Back in 2019, it was decreed that all new road registerable models sold in Australia had to feature Antilock Braking System (ABS). But the DR650 killer in that paperwork was that from late 2021, even established models had to have ABS fitted to be legally sold from new.
Waiting for Suzuki to update or introduce a new model is an exercise best done in a real comfortable chair, but in this case, Suzuki will not be gifting the DR650 ABS. What stock you find at the end of the year is the last you will ever see.
Kawasaki has avoided the same fate for the KLR650 by updating the 2022 model to include ABS. Enduro bikes are also exempt from the legislation while all adventure models must have switchable ABS that defaults to on when the bike is started.
Let me take a moment to congratulate the legislators who, along with those that forced most ATV manufacturers to cease importing (early October will see the end of the ATV market as we know it), are about to hit rural dealers in particular, with a sledgehammer right in the middle of a pandemic and widespread lockdowns. Great governance there. Just truly brilliant work from folks that won’t be there to offer help when it’s needed.
THE SIMPLE KING
So, how should we view the DR650 on the eve of its exit from showrooms? Well, for one thing, it’s not entirely going away because the scores of DRs already out there will be running and exploring for many years to come.
The DR is the meat pie of motorbikes. It’s an Aussie favourite that has proven itself time and time again across all zones, regions and climates. It’s never been flashy and in stock form is a pretty dull offering by 2021 standards, but once it’s been ‘adventure-ized’ it’s a different beast with a clear purpose.
The DR650R was introduced in 1990 with the current DR650SE configuration arriving in showrooms in 1996 and remaining unchanged since that date. That’s an incredible 25 years of service without change – something I doubt we’ll ever see again in the adventure market.
Suzuki went all Dakar/adventure crazy back in the early 90’s and offered DR models that are amazing to look back on to this day. The DR 800 Big is at the top of that list but there was also the DR650RS and the DR650 Dakar and Djebel with the wild graphics schemes. A DR650 was in fact entered in the Paris to Dakar at least twice by a French privateer.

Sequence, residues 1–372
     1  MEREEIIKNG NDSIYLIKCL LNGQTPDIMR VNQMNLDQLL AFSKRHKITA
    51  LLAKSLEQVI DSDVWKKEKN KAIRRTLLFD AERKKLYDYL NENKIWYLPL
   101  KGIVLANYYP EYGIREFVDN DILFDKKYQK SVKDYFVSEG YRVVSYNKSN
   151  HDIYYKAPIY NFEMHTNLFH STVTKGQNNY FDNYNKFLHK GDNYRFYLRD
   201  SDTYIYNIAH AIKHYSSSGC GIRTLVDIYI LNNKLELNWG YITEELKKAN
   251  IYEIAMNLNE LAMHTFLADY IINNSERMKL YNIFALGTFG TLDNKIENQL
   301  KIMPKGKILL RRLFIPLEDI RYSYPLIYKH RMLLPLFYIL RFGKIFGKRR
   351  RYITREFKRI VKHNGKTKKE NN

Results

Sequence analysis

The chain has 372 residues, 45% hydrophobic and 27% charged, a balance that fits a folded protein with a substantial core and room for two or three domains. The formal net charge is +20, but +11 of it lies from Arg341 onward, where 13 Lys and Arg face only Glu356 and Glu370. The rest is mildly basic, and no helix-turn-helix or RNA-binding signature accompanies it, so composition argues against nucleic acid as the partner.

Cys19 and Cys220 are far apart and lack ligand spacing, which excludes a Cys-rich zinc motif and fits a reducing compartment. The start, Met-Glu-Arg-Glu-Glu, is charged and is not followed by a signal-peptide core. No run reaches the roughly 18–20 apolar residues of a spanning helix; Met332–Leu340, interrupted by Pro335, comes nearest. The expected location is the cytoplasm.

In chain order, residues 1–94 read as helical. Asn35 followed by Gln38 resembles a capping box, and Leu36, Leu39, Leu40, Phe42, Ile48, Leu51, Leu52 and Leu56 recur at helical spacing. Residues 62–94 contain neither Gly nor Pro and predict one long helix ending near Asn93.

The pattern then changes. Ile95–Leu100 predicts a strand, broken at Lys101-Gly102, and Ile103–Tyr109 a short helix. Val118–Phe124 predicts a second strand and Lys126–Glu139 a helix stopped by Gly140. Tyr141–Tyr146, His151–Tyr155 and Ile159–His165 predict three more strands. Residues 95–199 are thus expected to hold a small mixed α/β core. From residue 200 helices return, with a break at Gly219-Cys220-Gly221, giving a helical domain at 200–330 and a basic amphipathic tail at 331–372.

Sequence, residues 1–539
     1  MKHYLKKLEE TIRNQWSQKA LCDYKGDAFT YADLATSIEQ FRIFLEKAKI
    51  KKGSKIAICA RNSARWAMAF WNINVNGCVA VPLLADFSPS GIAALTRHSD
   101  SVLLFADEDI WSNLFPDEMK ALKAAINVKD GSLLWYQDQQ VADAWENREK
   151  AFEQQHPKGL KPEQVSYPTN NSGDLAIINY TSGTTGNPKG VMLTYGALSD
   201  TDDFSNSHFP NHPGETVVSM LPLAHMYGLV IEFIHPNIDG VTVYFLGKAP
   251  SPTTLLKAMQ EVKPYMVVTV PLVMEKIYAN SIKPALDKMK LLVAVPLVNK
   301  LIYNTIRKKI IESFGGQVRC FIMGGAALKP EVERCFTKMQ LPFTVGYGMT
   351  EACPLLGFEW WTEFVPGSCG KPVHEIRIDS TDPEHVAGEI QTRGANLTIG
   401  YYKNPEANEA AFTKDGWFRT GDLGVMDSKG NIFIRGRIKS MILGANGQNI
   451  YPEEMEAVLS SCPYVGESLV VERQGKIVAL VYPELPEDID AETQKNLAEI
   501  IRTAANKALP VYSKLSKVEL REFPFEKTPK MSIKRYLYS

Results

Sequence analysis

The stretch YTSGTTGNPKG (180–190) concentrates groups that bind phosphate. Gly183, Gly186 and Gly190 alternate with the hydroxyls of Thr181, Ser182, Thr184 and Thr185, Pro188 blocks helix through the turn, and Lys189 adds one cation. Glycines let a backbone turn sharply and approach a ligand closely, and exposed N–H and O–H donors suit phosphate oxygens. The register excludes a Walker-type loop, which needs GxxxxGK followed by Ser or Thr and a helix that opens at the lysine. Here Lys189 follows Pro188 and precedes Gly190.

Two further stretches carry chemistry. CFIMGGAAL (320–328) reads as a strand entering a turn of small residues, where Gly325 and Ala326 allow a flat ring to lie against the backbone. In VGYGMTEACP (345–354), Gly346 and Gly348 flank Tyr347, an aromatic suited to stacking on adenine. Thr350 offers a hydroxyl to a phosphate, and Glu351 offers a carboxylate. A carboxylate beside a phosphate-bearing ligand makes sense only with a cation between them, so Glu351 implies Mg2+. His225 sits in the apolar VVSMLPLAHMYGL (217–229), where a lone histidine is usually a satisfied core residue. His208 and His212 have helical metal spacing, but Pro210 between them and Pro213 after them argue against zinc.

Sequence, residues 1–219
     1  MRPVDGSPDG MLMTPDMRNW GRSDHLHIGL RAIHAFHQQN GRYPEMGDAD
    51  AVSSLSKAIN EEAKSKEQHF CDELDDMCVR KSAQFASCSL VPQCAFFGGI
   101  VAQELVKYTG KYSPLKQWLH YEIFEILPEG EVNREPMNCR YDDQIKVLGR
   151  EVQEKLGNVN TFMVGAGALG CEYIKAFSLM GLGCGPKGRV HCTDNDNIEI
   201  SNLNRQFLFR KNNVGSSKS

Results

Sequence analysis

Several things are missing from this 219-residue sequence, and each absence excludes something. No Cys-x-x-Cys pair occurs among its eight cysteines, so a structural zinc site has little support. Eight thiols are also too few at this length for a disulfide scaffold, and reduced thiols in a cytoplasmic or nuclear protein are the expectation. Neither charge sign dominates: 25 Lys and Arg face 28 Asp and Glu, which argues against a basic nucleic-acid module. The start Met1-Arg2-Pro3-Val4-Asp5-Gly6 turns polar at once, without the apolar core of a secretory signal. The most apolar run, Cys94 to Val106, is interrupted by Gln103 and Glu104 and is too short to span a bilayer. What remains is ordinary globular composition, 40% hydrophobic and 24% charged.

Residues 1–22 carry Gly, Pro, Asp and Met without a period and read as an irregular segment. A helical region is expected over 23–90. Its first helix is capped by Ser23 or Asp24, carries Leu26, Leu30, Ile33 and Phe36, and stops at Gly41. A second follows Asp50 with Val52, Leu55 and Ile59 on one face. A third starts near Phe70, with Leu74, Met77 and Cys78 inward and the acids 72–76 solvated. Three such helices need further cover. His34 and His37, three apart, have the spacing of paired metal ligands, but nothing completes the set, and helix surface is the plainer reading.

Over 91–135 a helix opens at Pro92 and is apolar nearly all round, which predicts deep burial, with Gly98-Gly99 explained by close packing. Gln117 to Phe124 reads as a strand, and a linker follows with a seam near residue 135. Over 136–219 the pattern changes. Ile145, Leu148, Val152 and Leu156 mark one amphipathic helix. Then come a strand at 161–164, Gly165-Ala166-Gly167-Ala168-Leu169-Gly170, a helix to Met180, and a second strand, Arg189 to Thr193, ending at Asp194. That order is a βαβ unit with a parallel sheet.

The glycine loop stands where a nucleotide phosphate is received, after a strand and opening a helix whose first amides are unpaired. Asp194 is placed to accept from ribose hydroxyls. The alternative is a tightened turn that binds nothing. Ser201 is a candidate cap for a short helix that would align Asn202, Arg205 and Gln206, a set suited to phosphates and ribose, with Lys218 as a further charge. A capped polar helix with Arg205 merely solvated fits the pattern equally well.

Let’s fly right past the Freewind which borrowed the DR engine but was so ugly it should have been sold with an apology letter from the factory. I’ve owned toasters that I look back on more fondly than the Freewind.
Alas, they all dropped away till the DR650SE was left standing alone. Then Suzuki closed the door on the DR R&D department and left it to fend for itself. And in Australia and New Zealand, it did more than just that.
Even today it sits happily on the trails next to a current model bike. One that takes phone calls for the rider and informs him of tyre pressures in real-time while the DR offers…well nothing really.
No Bluetooth, no cruise control, heated grips, or 6-inch TFT screen. It’s not even fuel-injected nor liquid-cooled. And that is the beauty of the bike right there. It’s simple and dependable and you don’t need an engineering degree from NASA to do basic maintenance. But that’s also its downfall. No tech means no ABS. No ABS means it can’t be imported from 2022.
Damn…that’s a stupid rule. If you don’t feel you can ride safely without ABS, then don’t buy a DR650. What happened to personal accountability? The Tenere 1200 has ABS but it’s absolutely terrible on the dirt and nobody is safer with it switched on. And it’s not alone.
But hey, if you’re researching this from a university lab, you’d be completely unaware of the real-world application. Modern ABS is remarkable, and I trust it on a lot of bikes that have Off-road mode, but not all systems are equal and therefore not all are safe away from the black-top.
So, if you want a brand new DR650, now’s the time to demand your wallet to sniff one out. You’ll regret nothing except not changing the foam on the seat which is hard enough to crack a flea on, and you’ll have a faithful friend for many, many years to come.